Other things you can do to deter swarming include, but are not limited to:  Expanding the brood area (as discussed above), adding ventilation, adding a basement/rec room (for the foragers to hang out in to reduce congestion in the brood area), adding honey supers (though the brood area is the critical factor).

On the question of varroa treatments:  One of the things that has caught many off guard with the early season is the timing of a varroa treatment.  Many medications say that you cannot add honey supers for 30 days AFTER the treatment has ended.  If you are wanting to add honey supers now to take advantage of the spring flow, this will put you in a bind.  

One consideration may be a softer treatment now, to knock back the varroa, with a follow up later in the season.  Powdered sugar, HopGuard II, there are several ways you can research and use.  Just keep in mind that these treatments only work on the free-running mites (not any in the capped cells), and given how much capped brood you probably have, your varroa load will remain high.  So keep an eye out for signs of high varroa infestation like k-wing virus and deformed wing virus.  These diseases are often found before you actually see a varroa and if you do, you are out of time and will need to take action.

Working with the City of Tacoma


Recently, the City of Tacoma contacted PCBA in two areas:
  1. They wanted a segment for TV Tacoma's Urban Green
    Segment #4 of this link goes to a talk I gave about our association and some uses for bee products.  That's pollen from Harvard Robbins that is shown and talked about!
  2. Even more important and longer lasting, the City Council committee on the environment and sustainability asked to have a work session on the needs of bees.  I was in contact with City staff developing their presentation to the Council committee, and then had the chance to speak before them on this topic.  They are especially interested in developing forage corridors in Tacoma.  Jim McCaig also attended that Council committee meeting.  We'll keep you posted on developments.  If you are in contact with your Tacoma City council person, please support the work of the committee that deals with the environment and sustainability!
Franclyn Heinecke, President, PCBA

Feeding Bees

by Franclyn Heinecke

YEAH!  Packages and nucs have been delivered, or maybe you’ve rescued a swarm.  However you got them, your bees should be in their new homes by now.  The goal for year one of a new colony is to help them build up and store enough food to live through the coming winter. Your job is to make sure they get the food they need to set up the new home.

Here’s a photo of where wax comes from. Young bees extrude the wax, chew it until it is pliable and then form festoons of interlocking bees to build comb. It takes a lot of food to make wax, build comb and raise young bees. It takes one frame of honey to raise one frame of bees. And that’s after the comb has been built; a job in itself.

Through spring and summer, you can feed your bees a 1:1 sugar syrup solution.  I even go to a 1½ parts water to 1 part sugar in the early spring.  In September, switch to a 2 parts sugar to 1 part water syrup so the bees don’t have to work so hard to evaporate out the extra water.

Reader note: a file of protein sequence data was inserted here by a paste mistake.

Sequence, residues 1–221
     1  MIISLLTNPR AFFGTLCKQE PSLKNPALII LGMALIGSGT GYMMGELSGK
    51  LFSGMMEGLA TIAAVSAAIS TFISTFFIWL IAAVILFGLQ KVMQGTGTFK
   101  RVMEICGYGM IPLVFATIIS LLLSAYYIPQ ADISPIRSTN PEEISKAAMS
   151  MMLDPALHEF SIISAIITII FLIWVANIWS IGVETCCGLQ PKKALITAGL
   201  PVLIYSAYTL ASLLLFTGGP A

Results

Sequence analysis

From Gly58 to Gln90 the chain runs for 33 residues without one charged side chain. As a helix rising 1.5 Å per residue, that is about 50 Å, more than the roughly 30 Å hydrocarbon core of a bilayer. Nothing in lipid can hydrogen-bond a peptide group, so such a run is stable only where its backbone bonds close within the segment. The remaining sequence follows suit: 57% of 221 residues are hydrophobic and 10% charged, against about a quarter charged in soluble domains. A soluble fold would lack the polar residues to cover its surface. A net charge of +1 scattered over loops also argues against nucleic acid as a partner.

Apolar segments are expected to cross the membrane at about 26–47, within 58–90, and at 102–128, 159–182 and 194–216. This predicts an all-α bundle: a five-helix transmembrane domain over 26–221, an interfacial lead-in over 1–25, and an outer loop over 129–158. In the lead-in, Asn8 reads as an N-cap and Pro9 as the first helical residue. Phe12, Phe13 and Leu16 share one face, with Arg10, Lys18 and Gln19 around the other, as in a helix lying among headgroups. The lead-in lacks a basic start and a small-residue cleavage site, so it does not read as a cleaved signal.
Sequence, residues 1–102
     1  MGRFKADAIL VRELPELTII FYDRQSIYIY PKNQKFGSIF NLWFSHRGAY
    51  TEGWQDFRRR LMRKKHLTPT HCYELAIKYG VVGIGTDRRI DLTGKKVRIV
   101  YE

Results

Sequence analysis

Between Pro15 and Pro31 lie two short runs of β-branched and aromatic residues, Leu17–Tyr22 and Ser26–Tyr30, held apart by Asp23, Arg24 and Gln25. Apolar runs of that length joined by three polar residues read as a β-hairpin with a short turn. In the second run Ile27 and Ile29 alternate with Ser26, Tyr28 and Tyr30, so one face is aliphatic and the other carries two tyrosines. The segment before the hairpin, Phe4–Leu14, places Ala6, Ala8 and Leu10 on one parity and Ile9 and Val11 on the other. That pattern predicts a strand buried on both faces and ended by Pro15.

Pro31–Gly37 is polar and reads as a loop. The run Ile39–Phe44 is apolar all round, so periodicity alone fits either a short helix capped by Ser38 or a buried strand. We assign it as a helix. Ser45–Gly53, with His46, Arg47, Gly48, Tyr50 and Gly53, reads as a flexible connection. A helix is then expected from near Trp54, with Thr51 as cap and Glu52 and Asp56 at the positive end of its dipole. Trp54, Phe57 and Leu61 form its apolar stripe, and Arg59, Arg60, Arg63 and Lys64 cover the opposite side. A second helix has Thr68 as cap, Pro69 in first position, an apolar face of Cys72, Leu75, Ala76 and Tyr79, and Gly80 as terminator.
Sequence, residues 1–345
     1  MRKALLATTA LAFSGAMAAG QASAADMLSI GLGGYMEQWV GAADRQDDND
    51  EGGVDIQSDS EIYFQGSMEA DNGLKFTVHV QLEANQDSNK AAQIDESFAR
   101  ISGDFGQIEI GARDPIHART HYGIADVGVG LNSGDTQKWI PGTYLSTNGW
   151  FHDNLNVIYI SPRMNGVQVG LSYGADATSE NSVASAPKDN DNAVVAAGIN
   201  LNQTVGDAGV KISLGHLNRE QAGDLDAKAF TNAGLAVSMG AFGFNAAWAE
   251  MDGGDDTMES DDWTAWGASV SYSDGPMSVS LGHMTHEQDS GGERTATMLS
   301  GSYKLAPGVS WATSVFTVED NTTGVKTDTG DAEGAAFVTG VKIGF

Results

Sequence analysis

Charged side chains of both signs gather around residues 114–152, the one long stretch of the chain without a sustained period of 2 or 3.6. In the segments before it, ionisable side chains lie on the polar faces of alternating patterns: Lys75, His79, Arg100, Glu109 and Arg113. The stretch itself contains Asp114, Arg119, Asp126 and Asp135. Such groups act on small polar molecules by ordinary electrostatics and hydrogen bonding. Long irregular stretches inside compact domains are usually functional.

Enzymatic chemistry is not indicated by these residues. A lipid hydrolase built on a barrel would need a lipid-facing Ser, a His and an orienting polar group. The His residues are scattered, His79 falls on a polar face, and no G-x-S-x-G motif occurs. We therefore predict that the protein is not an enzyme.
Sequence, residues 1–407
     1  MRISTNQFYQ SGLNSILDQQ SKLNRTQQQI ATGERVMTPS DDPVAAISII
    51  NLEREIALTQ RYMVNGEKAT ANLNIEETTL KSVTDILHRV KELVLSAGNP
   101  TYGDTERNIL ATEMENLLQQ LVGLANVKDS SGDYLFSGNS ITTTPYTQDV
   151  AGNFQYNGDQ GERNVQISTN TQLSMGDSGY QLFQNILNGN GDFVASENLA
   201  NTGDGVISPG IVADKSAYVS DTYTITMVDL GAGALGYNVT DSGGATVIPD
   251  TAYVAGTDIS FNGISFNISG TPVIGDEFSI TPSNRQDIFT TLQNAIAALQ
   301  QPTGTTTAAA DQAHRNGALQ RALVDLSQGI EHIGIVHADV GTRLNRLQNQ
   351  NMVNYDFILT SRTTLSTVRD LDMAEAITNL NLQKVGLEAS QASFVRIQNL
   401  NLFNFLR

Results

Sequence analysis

I stop giving syrup in the middle of October and start feeding fondant then to make sure all of the syrup is processed and capped before cold temperatures set in. Uncapped syrup or honey gathers moisture in the winter and encourages mold to grow.  This is not what you want in your hive over winter.

Also feed your colonies protein patties.  You can buy premade patties or powdered mix to make your own.  

Here’s a story of what not to do …. Rushing and trying to do too much at one time!
Colonies with new queens raised last summer overwintered well, and were bursting at the seams with news bees.  I wanted to do a small split to give one original colony some room and get a daughter from that robust queen.  The weather was iffy, but there was a small window of time when I thought I could into the colony, make a quick split, give them some food and close everything up.

Hurry.  Make the syrup and stir up some protein patties.  Get cooled syrup into gallon water jugs with plastic rings to use for handles. It’s about 500 feet from the kitchen to the hives.  I had three gallons of syrup, protein patties, hive tools and other gear to grab up and go.  Oooh, but those clouds are looking dark.  Time was a wasting.  So I grabbed up all of it and headed downstairs to go down the steps to the garage and out to the apiary.

On step two, one of the plastic ring handles broke.  Unbelievable!  These had been my trusty syrup bottles for so long, and never an incident.  Thud, thud, thud, down it bounced, splattering syrup on the walls, steps, me.  Since I was already weighted down with other things, I couldn’t just reach down to stop the flow.  Then I slipped, rear end splattering even more syrup around and soaking me to the skin!  With 1:1 sugar syrup.  Ever done that before?

I was still weighted down with everything else when the river of sugar syrup started to flow down the steps and into the garage.  What’s a beekeeper to do?  What else would I do but stand up, steady myself and beat feet out to the apiary to make that split and feed the bees before the weather moved in.

Those girls were so confused!  I smelled like a giant candy store.  Bees were all over the drenched clothing.  But I worked fast, made the split, fed the colony and new split.  The third colony that I knew also needed food would have to wait for another day.